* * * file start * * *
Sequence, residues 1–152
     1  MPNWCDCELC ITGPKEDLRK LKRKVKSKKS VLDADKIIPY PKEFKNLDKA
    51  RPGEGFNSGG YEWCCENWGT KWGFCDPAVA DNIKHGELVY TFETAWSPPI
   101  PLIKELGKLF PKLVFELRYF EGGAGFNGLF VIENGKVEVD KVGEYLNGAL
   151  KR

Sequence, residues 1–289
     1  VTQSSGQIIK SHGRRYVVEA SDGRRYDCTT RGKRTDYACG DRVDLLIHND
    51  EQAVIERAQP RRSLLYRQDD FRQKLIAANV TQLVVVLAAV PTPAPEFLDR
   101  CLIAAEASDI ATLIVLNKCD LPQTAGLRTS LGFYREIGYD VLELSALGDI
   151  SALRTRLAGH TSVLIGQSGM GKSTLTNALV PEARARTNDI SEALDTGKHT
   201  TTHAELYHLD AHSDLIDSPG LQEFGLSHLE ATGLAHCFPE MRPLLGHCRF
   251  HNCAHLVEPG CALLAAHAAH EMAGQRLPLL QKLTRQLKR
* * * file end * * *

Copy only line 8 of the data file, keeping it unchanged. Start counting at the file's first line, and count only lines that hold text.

    51  EQAVIERAQP RRSLLYRQDD FRQKLIAANV TQLVVVLAAV PTPAPEFLDR